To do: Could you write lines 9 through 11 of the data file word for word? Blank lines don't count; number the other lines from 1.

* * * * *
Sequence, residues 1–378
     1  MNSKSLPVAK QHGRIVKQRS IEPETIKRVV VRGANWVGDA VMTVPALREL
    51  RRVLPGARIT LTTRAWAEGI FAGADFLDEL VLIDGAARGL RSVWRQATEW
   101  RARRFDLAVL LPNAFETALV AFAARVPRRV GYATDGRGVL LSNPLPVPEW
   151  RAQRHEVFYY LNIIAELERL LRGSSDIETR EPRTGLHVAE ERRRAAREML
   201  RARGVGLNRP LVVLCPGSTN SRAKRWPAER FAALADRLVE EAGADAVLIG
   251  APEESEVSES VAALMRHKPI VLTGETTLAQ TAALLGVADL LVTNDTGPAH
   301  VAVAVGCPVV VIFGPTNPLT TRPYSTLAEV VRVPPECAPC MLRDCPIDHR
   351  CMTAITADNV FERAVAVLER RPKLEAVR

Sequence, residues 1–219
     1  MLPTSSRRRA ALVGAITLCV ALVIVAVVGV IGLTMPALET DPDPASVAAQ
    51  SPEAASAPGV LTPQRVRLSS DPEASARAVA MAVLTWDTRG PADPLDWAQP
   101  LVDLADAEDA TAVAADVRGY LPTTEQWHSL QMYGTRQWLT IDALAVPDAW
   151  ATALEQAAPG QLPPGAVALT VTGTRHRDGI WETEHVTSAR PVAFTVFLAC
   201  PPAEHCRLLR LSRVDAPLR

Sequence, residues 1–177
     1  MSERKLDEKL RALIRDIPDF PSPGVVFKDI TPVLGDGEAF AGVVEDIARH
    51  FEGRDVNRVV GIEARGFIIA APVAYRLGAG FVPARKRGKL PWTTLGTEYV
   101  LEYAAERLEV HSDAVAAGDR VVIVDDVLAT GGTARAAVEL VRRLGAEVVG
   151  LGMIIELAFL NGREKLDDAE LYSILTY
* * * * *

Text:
   351  CMTAITADNV FERAVAVLER RPKLEAVR

Sequence, residues 1–219
     1  MLPTSSRRRA ALVGAITLCV ALVIVAVVGV IGLTMPALET DPDPASVAAQ